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The Laffer Curve applies to the poor as well as the rich

Summary:
The point being made here is that at some rate of marginal taxation folks don’t bother going to work:Buried in a government-commissioned report published this year is a clue to the reason some employers are finding it so difficult to attract British workers to lower-paid jobs.Universal Credit (UC), the author said, “can act as a disincentive” to those in the jobs market because working age people “do not believe there is sufficient reward” if they try to stand on their own two feet.It is the latest version of the so-called “benefits trap”, in which potential employees choose to stay at home, living off generous welfare payments, because working for a living would make them only marginally better off.It is also part of the reason for the Government’s current spat with business leaders, who

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The point being made here is that at some rate of marginal taxation folks don’t bother going to work:

Buried in a government-commissioned report published this year is a clue to the reason some employers are finding it so difficult to attract British workers to lower-paid jobs.

Universal Credit (UC), the author said, “can act as a disincentive” to those in the jobs market because working age people “do not believe there is sufficient reward” if they try to stand on their own two feet.

It is the latest version of the so-called “benefits trap”, in which potential employees choose to stay at home, living off generous welfare payments, because working for a living would make them only marginally better off.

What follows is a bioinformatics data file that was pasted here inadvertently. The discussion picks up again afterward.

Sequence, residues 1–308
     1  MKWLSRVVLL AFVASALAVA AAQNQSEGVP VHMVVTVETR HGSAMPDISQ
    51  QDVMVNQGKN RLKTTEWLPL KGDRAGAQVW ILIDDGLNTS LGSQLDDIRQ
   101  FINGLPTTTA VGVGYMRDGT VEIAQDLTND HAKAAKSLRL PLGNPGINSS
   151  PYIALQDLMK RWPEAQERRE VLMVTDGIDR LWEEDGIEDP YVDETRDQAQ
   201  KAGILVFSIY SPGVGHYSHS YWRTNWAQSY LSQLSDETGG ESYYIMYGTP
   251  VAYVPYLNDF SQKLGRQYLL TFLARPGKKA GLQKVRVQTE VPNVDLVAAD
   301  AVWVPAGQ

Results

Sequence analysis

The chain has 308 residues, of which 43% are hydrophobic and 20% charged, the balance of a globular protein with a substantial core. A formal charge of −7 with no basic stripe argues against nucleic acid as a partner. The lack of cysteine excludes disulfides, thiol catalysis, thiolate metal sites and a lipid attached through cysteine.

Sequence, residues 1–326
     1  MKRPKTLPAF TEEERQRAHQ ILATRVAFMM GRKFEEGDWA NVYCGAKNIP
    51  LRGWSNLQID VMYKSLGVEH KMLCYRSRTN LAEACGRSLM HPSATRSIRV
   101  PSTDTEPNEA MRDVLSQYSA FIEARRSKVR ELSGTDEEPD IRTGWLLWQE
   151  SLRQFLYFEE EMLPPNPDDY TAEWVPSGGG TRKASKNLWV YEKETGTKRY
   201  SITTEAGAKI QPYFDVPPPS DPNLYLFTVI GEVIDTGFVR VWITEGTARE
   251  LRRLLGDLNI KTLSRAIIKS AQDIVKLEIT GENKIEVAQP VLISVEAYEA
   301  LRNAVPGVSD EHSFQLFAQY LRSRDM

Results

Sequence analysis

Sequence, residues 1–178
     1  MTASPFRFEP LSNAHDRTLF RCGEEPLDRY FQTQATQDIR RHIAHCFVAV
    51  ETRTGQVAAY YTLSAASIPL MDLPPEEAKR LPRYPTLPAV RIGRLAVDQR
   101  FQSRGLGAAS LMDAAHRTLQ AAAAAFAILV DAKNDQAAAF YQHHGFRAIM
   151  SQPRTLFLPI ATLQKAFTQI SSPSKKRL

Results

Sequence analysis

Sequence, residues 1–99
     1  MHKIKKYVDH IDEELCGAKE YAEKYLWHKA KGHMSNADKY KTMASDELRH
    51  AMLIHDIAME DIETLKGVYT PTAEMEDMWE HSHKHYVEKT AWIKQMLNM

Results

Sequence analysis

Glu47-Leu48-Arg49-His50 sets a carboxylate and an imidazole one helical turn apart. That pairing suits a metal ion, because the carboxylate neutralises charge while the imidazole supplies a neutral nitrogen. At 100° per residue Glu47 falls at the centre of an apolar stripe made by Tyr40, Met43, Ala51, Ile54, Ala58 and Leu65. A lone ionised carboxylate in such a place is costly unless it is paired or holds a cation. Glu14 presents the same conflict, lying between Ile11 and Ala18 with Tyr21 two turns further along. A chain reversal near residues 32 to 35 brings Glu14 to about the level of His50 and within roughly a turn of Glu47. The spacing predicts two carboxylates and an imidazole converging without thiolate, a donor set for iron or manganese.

It is also part of the reason for the Government’s current spat with business leaders, who see cheap foreign immigrants as the answer to all labour shortages, rather than paying higher wages to attract British workers, as Boris Johnson wants them to do.

While UC ensured that people were always better off if they work, the intricacies of the system mean that many workers are only £3.29 better off for every hour they work if they decide to enter the labour market.

Assuming an average wage of £10 that’s a marginal tax rate of 67%. £10 sounds about right for people entering work really.

This links in with the Laffer Curve of course, it is that substitution effect - effectively, it’s not worth working for that, I’m off fishing - which causes the peak tax collection as a result of the tax rate.

This telling us something important and generally not thought about much. That peak of the Laffer Curve applies to the poor going to work as well as the rich. The answer to our becoming a richer nation is therefore to lower that tax rate. Or, in the intersection of benefits and tax, the combined tax and taper rate.

This is why 15 years ago we started to say that the personal allowance should be whatever the minimum wage is - full year, full time that is. We even managed to get there except a decade late. The personal allowance today is what that full year, full time, minimum wage was in 2010 - £12,500 a year - when the point was first accepted as being valid.

Time to make that point again. The very reason there is a minimum wage, not that we agree with there being one, is that this is the minimum that someone should righteously be paid for their labour. That means that government get to keep their fingers out of that wallet just as much as anyone else. If that means the personal allowance must be raised to £18,000 a year or whatever Boris is about to announce the minimum wage is to be then so be it.

We’ll just have to have a little less government in order to pay for it, won’t we?

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Tim Worstall
Tim Worstall is a British-born writer and Senior Fellow of the Adam Smith Institute. Worstall is a regular contributor to Forbes and the Register. He has also written for the Guardian, the New York Times, PandoDaily, the Daily Telegraph blogs, the Times, and The Wall Street Journal. In 2010 his blog was listed as one of the top 100 UK political blogs by Total Politics.

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